This tutorial focuses on how to use Jupyter notebooks, built within Data Science Workspace, to access, explore, and visualize your data. By the end of this tutorial, you should have a understanding of some of the features Jupyter notebooks offer to better understand your data.
The following concepts are introduced:
In this section, data is explored that was previously ingested into the retail sales schema.
Data Science Workspace allows users to create Jupyter Notebooks through the JupyterLab platform where they can create and edit machine learning workflows. JupyterLab is a server-client collaboration tool that allows users to edit notebook documents via a web browser. These notebooks can contain both executable code and rich text elements. For our purposes, we will use Markdown for analysis description and executable Python code to perform data exploration and analysis.
When launching JupyterLab, we are presented with a web-based interface for Jupyter Notebooks. Depending on which type of notebook we pick, a corresponding kernel will be launched.
When comparing which environment to use we must consider each service’s limitations. For example, if we are using the pandas library with Python, as a regular user the RAM limit is 2 GB. Even as a power user, we would be limited to 20 GB of RAM. If dealing with larger computations, it would make sense to use Spark which offers 1.5 TB that is shared with all notebook instances.
By default, Tensorflow recipe work in a GPU cluster and Python runs within a CPU cluster.
In the Adobe Experience Platform UI, click on the Data Science tab in the top menu to take you to the Data Science Workspace. From this page, click on the JupyterLab tab which will open the JupyterLab launcher. You should see a page similar to this.
In our tutorial, we will be using Python 3 in the Jupyter Notebook to show how to access and explore the data. In the Launcher page, there are sample notebooks provided. We will be using the Retail Sales recipe for Python 3.
The Retail Sales recipe is a standalone example which uses the same Retail Sales dataset to show how data can be explored and visualized in Jupyter Notebook. Additionally, the notebook goes further in depth with training and verification. More information about this specific notebook can be found in this walkthrough.
data_access_sdk_python is deprecated and no longer recommended. Please refer to the converting data access SDK to Platform SDK tutorial to convert your code. The same steps below still apply for this tutorial.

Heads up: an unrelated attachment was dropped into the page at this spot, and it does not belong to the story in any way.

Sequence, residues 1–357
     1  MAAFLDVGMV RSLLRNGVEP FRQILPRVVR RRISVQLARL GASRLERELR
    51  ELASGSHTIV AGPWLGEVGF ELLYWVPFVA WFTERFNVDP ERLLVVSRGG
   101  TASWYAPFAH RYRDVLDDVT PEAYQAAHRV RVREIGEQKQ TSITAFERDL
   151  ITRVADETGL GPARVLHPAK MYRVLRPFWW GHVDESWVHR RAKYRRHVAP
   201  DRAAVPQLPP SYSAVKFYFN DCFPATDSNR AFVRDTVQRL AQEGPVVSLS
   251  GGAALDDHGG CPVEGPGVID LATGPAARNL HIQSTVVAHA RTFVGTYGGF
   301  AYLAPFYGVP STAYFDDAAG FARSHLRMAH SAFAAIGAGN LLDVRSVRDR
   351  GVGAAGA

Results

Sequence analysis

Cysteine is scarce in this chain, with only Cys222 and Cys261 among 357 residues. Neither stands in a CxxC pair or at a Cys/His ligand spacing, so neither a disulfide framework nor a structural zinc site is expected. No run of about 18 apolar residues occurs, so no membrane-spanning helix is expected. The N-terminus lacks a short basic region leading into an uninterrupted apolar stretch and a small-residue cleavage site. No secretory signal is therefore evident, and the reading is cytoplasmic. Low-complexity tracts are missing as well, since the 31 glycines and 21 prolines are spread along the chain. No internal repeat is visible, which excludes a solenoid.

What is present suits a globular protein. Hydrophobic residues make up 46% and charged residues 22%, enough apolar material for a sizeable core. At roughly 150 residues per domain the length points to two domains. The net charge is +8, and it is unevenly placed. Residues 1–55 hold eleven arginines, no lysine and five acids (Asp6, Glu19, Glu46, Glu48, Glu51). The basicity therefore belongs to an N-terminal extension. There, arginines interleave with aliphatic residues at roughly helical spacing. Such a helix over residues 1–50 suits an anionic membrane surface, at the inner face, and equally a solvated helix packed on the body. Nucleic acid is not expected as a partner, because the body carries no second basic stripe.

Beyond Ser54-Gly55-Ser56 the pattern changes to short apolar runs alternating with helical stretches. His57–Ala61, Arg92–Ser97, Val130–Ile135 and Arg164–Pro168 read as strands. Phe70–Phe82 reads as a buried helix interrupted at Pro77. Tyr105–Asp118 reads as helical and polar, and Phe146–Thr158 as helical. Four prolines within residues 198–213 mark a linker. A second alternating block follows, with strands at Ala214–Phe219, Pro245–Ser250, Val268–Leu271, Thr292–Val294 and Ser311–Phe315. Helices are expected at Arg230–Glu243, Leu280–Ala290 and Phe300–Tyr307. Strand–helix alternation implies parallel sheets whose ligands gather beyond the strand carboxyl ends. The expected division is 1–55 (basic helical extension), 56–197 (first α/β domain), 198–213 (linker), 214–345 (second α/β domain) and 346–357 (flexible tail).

We will go over accessing data internally from Adobe Experience Platform and data externally. We will be using the
data_access_sdk_python library to access internal data such as datasets and XDM schemas. For external data, we will use the pandas Python library.
With the Retail Sales notebook opened, find the “Load Data” header. The following Python code uses pandas’
DataFrame data structure and the read_csv() function to read the CSV hosted on Github into the DataFrame:
Pandas’ DataFrame data structure is a 2-dimensional labeled data structure. To quickly see the dimensions of our data, we can use the
df.shape. This returns a tuple that represents the dimensionality of the DataFrame:
Finally, we can take a peek at what our data looks like. We can use
df.head(n) to view the first
n rows of the DataFrame:
Now, we will go over accessing Experience Platform data.
For this section, we are using the Retail Sales dataset which is the same dataset used in the Retail Sales sample notebook.
In our Jupyter Notebook, we can access our data from the Data tab on the left. Upon clicking the tab, you will be able to see a list of Datasets.
Now in the Datasets directory, we will be able to see all the ingested datasets. Note that it may take a minute to load all the entries if your directory is heavily populated with datasets.
Since the dataset is the same, we want to replace the load data from the previous section which uses external data. Select the code block under Load Data and press the ‘d’ key on your keyboard twice. Make sure the focus is on the block and not in the text. You can press ‘esc’ to escape the text focus before pressing ‘d’ twice.
Now, we can right click on the
Retail-Training-<your-alias> dataset and select the “Explore Data in Notebook” option in the dropdown. An executable code entry will appear in your notebook.
Refer to the Platform SDK guide to convert your code.
from data_access_sdk_python.reader import DataSetReader from datetime import date reader = DataSetReader() df = reader.load(data_set_id="xxxxxxxx", ims_org="xxxxxxxx@AdobeOrg") df.head()
If you are working on other kernels other than Python, please refer to this page to access data on the Adobe Experience Platform.